A 'must read' for baseball fans
Wait Till Next Year : Summer Afternoons with My Father and Baseball
Simon & Schuster, $13
by Doris Kearns Goodwin
Review by Tom Faucett
Web posted on: Tuesday, July 14, 1998 4:49:28 PM EDT
(CNN) -- In today's world of MTV style editing and short sound bytes, the game of baseball is considered by many as a dinosaur, with its three hour-plus length and lack of break-neck action. Others complain of its overpaid, sometimes obnoxious players and greedy owners. Indeed, hating baseball has become hip.
It might be hard to believe, then, that there was a time when baseball captured the nation's attention, and truly was America's pastime.
"Wait Til Next Year: A Memoir" recounts Doris Kearns Goodwin's magical childhood in Rockville Centre, Long Island -- the youngest of three daughters born to a bank inspector father and an infirmed mother. Goodwin describes a time when the children of the neighborhood grew up spending as much time in their neighbor's home as their own. They knew all the shop keepers, and everyone looked out for each other's child (insert "It Takes a Village" jokes here). But the book's primary focus is Goodwin's love affair with the Brooklyn Dodgers.
The 1940s and 50s were a golden era for baseball in the city of New York. The Big Apple boasted three dominant teams -- the Yankees, Giants, and Dodgers. It was a time before the purity of the game was tarnished by astroturf, free agency, and the designated hitter.
Each afternoon during the season, Goodwin sat on her porch and listened intently to Red Barber call each game. She diligently recorded each ball, strike, and hit with their appropriate symbols in her score book as her father had taught her. Using it as a guide, Goodwin would recount the events of each game to her father when he returned home from work. At first, she simply rehashed the facts, but with practice, she learned how to draw the listener in with a funny anecdote, building the action slowly, until finishing with the exciting conclusion. These tricks of storytelling would later serve her well as an author.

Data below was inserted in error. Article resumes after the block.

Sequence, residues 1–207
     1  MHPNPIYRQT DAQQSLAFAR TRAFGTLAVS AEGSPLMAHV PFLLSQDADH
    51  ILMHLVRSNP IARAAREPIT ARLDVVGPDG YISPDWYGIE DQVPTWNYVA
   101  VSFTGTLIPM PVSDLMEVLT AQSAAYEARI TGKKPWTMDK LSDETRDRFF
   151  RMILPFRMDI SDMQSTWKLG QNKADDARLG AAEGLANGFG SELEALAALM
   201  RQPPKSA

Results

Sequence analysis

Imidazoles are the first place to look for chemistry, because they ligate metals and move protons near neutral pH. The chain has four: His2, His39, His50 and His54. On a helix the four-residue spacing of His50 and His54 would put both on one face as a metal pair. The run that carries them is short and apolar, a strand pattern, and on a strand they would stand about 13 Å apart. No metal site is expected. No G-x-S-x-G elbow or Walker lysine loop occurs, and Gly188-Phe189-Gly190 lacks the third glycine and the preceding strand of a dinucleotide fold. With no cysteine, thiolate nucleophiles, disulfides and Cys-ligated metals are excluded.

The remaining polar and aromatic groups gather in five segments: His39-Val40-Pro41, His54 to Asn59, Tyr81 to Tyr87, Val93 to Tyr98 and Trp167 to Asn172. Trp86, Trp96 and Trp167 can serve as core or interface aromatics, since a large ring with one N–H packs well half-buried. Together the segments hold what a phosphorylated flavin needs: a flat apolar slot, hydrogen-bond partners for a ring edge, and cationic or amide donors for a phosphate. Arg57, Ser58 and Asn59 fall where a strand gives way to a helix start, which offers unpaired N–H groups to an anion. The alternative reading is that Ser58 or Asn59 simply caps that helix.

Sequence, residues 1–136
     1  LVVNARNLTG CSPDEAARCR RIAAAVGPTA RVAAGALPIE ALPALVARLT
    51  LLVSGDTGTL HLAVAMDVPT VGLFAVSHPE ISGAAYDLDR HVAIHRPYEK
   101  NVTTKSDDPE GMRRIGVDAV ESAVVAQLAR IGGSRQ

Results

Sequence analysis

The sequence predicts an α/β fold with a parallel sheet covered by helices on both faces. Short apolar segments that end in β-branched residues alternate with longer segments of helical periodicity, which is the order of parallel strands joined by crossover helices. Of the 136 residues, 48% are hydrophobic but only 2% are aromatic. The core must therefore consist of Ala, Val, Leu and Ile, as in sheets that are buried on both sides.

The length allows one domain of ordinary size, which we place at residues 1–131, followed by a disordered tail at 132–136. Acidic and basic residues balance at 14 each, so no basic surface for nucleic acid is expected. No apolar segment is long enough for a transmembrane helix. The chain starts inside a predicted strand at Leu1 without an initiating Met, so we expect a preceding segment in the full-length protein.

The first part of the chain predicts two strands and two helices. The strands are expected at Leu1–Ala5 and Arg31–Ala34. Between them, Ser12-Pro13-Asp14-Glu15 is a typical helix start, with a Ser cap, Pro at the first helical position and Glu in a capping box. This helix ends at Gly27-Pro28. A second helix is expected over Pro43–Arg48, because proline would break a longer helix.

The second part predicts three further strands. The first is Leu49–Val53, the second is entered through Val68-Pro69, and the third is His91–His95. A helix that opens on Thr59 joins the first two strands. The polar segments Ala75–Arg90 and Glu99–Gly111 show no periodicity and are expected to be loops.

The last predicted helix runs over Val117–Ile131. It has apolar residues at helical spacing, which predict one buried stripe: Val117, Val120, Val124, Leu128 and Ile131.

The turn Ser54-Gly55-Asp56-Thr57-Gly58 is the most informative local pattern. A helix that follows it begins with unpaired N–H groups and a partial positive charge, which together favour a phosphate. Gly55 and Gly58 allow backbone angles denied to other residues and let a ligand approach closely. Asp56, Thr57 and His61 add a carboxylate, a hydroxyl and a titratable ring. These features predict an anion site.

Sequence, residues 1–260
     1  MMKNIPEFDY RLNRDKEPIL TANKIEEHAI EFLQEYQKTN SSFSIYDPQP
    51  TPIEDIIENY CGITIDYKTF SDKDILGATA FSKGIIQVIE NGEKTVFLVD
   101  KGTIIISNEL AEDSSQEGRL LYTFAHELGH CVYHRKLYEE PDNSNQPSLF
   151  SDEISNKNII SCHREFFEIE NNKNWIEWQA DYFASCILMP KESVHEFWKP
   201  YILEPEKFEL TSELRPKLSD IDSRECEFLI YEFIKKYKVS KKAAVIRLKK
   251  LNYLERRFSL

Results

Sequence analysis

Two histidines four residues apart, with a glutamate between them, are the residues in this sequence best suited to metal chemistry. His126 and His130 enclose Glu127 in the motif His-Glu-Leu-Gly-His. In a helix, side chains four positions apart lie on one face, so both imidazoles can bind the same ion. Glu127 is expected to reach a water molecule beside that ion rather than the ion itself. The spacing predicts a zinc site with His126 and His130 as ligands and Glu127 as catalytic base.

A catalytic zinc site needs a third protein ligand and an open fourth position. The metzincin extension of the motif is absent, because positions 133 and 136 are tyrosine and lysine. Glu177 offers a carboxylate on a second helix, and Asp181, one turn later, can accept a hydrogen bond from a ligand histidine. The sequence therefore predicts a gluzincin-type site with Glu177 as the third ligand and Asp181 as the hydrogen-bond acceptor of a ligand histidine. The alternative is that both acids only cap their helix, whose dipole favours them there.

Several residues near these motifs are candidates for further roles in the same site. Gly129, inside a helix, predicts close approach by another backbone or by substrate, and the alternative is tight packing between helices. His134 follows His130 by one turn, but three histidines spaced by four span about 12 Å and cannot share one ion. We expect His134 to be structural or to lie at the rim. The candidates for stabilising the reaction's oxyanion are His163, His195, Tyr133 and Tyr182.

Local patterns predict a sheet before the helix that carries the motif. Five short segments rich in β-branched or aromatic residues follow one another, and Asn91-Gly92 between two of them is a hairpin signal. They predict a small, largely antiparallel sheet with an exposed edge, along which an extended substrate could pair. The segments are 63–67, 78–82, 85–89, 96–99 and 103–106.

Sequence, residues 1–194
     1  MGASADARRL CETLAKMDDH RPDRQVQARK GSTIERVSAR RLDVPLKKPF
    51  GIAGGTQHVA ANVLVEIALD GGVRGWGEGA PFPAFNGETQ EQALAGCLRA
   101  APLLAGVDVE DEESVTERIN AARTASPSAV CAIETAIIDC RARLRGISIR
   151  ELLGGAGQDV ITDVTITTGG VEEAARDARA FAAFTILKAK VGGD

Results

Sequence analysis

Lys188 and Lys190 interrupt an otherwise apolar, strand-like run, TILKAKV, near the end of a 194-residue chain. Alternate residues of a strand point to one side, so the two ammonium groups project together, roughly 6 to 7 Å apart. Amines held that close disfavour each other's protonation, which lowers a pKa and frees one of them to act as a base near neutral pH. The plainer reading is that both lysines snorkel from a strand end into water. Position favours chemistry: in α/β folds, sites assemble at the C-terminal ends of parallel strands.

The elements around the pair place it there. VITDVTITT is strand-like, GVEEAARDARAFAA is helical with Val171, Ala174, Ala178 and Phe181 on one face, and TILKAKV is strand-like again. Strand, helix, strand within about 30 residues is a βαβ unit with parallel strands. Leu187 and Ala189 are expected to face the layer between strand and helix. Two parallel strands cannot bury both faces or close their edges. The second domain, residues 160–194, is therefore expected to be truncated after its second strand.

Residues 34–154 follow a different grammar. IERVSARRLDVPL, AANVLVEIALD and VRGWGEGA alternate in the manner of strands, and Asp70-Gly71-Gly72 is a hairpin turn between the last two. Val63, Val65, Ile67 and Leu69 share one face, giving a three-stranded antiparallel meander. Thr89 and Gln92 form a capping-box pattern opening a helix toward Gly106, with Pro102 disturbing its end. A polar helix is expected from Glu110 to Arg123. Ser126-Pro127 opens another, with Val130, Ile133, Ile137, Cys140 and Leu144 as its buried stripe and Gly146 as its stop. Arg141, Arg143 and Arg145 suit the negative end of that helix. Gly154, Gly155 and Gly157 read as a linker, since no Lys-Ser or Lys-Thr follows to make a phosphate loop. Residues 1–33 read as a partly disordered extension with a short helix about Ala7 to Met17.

One of Goodwin's most vivid memories is of her first Dodger game at Ebbetts Field with her father. The descriptions of each sight, smell and sound are told with such childlike wonderment that it will melt even the harshest cynic that today's game has created.
The Dodgers in the 50s boasted a powerful lineup with such legendary names as Jackie Robinson, Roy Campanella, and Gil Hodges. Yet, they were runners-up in the World Series six times in the 40s and 50s. Each year, their fans consoled one another by saying, "Wait til next year."
1955 proved to be the Dodgers' year. After listening over the school intercom to the first eight innings of the final game of the World Series, Doris raced home to listen to the final inning. Once the long-awaited title was theirs, she and her sickly mother danced on the porch. Later, they met her father in the city to join in the communal celebration.
In 1957, citing declining attendance, the Dodgers and the Giants left New York for Los Angeles and San Francisco. Crushed by the teams' betrayal, the Dodgers exit marked a significant turning point in Goodwin's life. A few months later, her mother passed away. Her father, too grief stricken to remain in their house, moved the family out of the neighborhood to an apartment across town, and began drinking heavily.
"Wait Til Next Year" -- recently released in paperback -- is a must read for baseball fans and Brooklyn Dodger fans alike. Those who have seen their team leave town in search of more money and bigger stadiums can also relate. If you have written the game off, then read about a time in baseball when the battle between the hitter and pitcher, not the agent and owner, made news.
Tom Faucett is a freelance writer who lives in Atlanta.